• Miles Hedley

FOREFATHERS’ EVE_COPY.DOC at Laban

One of the themes of Polish Dance Theatre’s extraordinary production Forefathers’ Eve_Copy.Doc is that images more accurately express our thoughts than mere words.


A second theme is that as a species we must strive for a higher consciousness, a pursuit that the bewildering speed of technological progress can help us achieve.


But a third theme pitilessly points out an eternal truth – that whatever we might attain is doomed to annihilation at both a human and cosmic level.


The company’s two-night run at Laban theatre proved beyond reasonable doubt that dance is a perfect medium for investigating such titanic questions because it lets the creators and performers wander at will in the empyrean while allowing us, the audience, our own interpretation of their discoveries.


Choreographer Tomasz Bazan and his dancers Michal Przybyla, Pawel Malicki, Dominik Więcek and Adrian Radwański – backed by Marcin Janus’s eeriely apt electronic score – were inspired by Forefathers’ Eve, an astonishing day-of-the-dead epic by Poland’s national poet Adam Mickiewicz, and by William Gibson’s sci-fi Sprawl trilogy.


In a nine-movement dance, we were led from the creation of a new world to annihilation, a moment wonderfully illustrated by projecting the image of a spinning human spine and ribcage that slowly fades into the blackness of oblivion.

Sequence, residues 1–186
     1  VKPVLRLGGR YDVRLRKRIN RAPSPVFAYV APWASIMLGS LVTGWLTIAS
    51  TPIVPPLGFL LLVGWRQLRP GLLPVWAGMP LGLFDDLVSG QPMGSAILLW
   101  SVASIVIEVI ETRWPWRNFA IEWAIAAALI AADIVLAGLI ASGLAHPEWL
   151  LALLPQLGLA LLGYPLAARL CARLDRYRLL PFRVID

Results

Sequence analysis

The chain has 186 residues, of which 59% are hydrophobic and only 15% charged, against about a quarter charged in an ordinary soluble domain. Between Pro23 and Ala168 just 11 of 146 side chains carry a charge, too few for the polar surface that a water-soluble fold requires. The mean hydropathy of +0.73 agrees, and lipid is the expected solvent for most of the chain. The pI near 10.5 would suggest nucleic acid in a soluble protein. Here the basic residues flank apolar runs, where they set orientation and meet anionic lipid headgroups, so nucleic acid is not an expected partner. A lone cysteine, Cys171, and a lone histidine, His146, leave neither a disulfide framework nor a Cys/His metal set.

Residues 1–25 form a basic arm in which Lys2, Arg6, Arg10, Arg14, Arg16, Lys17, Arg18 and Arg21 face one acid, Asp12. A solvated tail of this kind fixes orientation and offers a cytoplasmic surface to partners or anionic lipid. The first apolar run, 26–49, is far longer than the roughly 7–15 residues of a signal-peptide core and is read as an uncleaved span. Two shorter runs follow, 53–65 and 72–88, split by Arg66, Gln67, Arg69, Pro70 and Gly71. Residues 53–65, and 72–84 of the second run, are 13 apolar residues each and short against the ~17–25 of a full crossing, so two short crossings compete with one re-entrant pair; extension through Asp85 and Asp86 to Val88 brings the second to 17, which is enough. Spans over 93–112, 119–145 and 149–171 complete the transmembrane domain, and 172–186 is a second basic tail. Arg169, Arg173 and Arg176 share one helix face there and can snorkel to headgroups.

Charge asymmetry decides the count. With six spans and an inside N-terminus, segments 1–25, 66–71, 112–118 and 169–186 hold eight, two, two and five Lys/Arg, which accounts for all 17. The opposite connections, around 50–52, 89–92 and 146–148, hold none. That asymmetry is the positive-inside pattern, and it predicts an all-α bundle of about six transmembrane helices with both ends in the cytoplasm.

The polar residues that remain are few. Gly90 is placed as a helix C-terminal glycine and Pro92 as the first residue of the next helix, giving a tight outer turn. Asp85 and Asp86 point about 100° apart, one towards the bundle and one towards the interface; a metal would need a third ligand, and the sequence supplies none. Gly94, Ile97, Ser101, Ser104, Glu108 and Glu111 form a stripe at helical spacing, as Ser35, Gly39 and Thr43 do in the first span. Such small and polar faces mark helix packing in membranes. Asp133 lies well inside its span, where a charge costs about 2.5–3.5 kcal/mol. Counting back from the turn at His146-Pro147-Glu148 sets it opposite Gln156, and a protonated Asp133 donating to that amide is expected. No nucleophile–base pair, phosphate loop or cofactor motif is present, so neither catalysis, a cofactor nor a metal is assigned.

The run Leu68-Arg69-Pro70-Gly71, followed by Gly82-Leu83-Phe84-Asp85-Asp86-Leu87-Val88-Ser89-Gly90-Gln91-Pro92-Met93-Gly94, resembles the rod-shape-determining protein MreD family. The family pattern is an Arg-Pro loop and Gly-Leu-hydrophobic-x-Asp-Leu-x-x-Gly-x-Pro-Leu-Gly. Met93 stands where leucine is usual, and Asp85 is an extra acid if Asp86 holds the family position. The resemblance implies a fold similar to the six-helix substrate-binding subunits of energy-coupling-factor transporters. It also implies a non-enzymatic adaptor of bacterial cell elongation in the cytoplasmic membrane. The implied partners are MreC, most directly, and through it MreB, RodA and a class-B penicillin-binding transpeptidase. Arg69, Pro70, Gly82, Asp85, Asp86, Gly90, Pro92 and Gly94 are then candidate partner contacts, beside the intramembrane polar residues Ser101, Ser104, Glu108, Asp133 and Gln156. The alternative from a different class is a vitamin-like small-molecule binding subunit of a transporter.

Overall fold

In between we were shown how sentient life can range from instinct-driven homunculus to hyperbody, mechanoid and even zombie forms before, of course, the final cataclysm.


The use of a transparent screen, designed by Grzegorz Kaliszuk, was inspired because it split the stage into real and virtual worlds and also allowed images from each to be projected on to it.


And the dancing was out of this world, the performers – one naked, the others nearly so – often twisting into shapes and patterns that seemed to defy human geometry and capability.


I left the show with my mind and imagination buzzing, in part because of the questions the work raised but mostly because of its staggering ambition and the exhilarating way in which it was presented. It was a triumph of mind, body and soul.







LOGO.png
  • White Twitter Icon
  • email

© 2020 Greenwich Visitor

Developed by Nick Hedley/PH Publishing